Nevada state workers will pay annual deductibles of $1,900 for individuals and $3,800 for families in 2011. The state will offset the deductibles by contributing to workers’ HSAs, $700 in the case of individuals, according to this story appearing over the weekend in the Nevada Appeal.
More evidence the individual health insurance market segment is entering a death spiral comes from the Los Angeles Times today. The newspaper reports Blue Shield of California is boosting premium rates in rapid succession, resulting in 193,000 policyholders getting increases averaging 30 to 35 percent as the result of three separate rate hikes since October. Under a new increase effective March 1, thousands of insureds are could see rate hikes of as much as 59 percent, according to The Times.
The San Francisco-based nonprofit insurer blames rising health care costs and coverage mandates for the increases. A Blue Shield spokesman says despite the higher rates, the insurer would still lose “tens of millions of dollars” on its individual business segment in 2011.
No surprise there. When an insurance pool goes into a death spiral, only the highest risks remain in the pool, boosting losses and requiring even higher premiums to cover them. That chases away healthier people who find premiums increasingly unaffordable, leaving behind the least healthy individuals. And so on goes the unvirtuous cycle. In the insurance business, it’s called adverse selection and has a terminal prognosis unless reversed.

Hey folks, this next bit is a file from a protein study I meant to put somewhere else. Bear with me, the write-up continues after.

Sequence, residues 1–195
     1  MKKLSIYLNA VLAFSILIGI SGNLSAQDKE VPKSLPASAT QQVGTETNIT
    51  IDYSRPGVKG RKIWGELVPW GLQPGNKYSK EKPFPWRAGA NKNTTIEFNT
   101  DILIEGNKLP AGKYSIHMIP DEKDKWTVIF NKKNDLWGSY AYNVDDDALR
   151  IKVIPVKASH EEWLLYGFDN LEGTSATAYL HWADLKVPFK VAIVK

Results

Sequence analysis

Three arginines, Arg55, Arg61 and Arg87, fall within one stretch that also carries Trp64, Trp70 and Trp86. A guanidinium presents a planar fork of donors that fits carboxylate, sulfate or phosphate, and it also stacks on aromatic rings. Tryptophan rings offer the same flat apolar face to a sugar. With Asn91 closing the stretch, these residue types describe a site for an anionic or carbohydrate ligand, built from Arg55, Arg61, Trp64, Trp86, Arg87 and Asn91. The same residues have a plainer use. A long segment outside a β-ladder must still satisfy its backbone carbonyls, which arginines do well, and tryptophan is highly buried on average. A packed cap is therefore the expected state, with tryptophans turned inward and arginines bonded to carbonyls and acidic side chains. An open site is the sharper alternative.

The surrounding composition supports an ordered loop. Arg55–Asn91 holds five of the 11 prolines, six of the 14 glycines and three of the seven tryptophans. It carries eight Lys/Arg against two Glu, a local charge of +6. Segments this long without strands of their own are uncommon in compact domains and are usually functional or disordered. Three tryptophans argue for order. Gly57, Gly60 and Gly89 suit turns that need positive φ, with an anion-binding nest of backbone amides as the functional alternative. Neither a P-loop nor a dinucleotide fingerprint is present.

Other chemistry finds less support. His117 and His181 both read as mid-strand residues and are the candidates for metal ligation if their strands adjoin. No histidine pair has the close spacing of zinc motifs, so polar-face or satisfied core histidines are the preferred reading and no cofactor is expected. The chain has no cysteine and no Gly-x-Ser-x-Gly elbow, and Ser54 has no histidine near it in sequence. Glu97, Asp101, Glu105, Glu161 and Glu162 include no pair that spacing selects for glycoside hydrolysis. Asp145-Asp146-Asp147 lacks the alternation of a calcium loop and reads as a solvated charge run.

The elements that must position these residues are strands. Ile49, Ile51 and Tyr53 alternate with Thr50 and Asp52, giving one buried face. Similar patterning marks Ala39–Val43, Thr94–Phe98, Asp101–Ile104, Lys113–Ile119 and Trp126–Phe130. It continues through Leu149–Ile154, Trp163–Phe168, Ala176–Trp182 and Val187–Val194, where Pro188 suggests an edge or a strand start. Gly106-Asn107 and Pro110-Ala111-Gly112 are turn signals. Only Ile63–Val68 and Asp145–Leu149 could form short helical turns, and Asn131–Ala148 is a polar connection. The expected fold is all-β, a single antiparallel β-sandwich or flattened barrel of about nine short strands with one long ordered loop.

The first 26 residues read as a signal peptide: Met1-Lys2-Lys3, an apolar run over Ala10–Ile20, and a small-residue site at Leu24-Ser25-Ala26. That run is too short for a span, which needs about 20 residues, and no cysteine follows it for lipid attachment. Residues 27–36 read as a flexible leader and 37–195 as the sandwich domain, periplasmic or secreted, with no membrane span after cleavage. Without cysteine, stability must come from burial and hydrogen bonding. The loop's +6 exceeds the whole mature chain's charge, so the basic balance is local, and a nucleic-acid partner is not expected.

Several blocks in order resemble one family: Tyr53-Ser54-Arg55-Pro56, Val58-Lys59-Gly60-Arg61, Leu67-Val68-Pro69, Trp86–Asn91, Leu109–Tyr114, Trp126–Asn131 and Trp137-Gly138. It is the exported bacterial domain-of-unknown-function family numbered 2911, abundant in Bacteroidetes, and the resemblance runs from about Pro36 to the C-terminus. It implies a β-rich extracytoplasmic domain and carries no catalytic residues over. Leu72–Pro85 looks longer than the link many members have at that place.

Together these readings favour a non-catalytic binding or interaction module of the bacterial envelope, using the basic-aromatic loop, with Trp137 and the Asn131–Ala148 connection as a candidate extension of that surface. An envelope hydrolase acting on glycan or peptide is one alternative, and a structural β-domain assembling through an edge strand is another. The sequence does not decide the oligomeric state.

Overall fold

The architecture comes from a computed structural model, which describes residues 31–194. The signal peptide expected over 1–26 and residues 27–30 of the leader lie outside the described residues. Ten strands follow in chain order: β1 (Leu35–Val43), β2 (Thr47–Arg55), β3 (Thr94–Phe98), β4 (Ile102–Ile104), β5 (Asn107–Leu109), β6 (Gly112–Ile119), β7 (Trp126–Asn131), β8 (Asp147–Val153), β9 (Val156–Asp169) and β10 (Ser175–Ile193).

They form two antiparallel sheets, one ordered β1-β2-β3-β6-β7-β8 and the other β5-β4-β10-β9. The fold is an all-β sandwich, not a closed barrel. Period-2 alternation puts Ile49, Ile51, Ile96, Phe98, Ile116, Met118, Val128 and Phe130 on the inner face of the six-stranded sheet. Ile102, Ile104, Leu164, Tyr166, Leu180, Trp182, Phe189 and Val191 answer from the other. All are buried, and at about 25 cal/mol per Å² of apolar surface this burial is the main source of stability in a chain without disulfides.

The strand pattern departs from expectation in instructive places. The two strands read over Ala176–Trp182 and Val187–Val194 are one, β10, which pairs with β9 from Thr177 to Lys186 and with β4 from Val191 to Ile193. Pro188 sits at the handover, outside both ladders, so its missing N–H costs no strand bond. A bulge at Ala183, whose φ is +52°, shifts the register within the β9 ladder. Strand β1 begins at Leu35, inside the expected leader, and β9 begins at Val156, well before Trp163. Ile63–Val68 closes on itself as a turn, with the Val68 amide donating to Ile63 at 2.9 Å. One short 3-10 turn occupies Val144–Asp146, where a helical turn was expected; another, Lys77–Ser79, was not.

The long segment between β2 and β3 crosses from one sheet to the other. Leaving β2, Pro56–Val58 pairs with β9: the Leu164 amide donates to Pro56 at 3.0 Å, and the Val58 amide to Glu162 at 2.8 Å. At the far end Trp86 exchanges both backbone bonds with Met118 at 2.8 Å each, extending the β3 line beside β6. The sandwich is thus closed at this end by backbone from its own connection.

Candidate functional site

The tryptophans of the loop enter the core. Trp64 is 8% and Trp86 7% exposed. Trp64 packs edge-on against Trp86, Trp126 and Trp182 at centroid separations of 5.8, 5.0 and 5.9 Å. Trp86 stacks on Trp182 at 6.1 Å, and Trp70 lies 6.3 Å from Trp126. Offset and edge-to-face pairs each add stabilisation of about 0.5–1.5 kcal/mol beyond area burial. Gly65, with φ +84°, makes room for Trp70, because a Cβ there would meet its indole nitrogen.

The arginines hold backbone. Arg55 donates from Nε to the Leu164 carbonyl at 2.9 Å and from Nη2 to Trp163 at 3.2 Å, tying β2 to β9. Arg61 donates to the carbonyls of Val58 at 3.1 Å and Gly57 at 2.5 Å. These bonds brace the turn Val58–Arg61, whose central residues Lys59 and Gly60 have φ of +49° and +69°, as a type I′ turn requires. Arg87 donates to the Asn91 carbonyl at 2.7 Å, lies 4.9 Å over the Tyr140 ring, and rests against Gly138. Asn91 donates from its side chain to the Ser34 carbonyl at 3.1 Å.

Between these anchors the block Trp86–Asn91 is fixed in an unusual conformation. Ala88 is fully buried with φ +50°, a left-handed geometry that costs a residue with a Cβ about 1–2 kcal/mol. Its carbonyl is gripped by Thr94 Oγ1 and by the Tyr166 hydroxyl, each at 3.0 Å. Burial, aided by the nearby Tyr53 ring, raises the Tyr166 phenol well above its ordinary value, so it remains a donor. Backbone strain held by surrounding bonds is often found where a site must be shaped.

It’s unlikely the individual market will survive as a viable market segment before the federal Patient Protection and Affordable Care Act (PPACA) requires insurers to end medical underwriting and take all comers in 2014. That provision combined with the PPACA’s requirement that everyone purchase coverage is aimed at restoring the pool by spreading risk among both healthy and the sick.
However, it appears for the individual market — with California representing the nation’s largest state market where about eight percent of those 65 and under get their health coverage — the PPACA will come too late to save it. Whether it the PPACA will provide the foundation for a new individual health insurance market to emerge in 2014 is also an open question if health care costs continue their rapid rise.